1 Altitude affects the cooling ability of the device. At higher altitudes, the reduced air pressure reduces the rate at which heat from the device can be dissipated to the surrounding ambient.
2 Products temperature rating assumes use at sea level. All specifications need to be derated at higher elevations. In particular, this would affect our operating temperature specification (assume lower temperature maximum).
3 For those devices which are safety tested - to UL 60950-1 or its equivalents such as EN 60950-1 or IEC 60950-1, the test report specifically states that the report is only valid up to 2000m (slightly less than 7000 feet), so if a valid safety certificate is required, then the device shouldn''t be used over 2000m elevation..
4 Aeroplanes are pressurized - so the altitude limitation does not apply. If a device is used in an unpressurized plane, then it would have to fly below 2000m, for the specification to hold true.
5 Devices are not rated for mountain shelters above 3500m, although at that elevation, it would also be quite cold, so heat dissipation would presumably not be as much of an issue.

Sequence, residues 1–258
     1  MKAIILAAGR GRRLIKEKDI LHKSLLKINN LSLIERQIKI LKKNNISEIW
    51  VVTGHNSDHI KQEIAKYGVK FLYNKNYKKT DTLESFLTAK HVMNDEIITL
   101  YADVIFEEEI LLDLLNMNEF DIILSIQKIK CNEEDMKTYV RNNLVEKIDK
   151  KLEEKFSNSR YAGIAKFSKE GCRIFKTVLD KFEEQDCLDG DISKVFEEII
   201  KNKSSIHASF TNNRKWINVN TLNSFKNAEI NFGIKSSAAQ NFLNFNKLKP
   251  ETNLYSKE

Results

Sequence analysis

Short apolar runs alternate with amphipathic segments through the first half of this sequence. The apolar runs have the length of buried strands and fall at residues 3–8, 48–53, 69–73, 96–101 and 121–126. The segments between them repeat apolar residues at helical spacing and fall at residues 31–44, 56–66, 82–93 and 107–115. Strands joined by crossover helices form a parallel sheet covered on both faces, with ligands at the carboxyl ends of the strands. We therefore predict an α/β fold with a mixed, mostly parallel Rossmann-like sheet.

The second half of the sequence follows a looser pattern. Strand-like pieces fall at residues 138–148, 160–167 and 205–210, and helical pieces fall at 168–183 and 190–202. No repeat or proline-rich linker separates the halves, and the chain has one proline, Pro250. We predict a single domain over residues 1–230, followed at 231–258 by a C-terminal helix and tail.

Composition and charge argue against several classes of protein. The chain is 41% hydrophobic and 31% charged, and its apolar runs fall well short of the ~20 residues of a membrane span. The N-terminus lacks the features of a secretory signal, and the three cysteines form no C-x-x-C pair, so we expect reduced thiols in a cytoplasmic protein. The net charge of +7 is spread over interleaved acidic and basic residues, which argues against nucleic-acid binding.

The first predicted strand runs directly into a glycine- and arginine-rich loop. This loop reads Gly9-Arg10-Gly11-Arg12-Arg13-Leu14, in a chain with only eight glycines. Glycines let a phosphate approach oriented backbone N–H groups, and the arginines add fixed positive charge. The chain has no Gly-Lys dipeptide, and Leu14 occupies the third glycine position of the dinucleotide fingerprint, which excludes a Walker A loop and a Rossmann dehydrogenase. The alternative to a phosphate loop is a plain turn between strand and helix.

6 If its in a pressurized or sealed chamber, then altitude becomes irrelevant.
7 No Digi devices are space-rated - although we would expect that if humans could tolerate the environment, then so would our equipment. Devices in space are exposed to higher radiation levels which are only mitigated by better shielding. Device operated by a human in space would still work - as the shielding would be expected to be present to save the human from radiation affects.
8 Altitude affects the heat dissipation capability of the heat sink and units in locations at 3300 ft (1000 m) above sea level must be derated. A common rule of thumb is a 2% derating for every 1000 ft above the 3300 ft altitude level.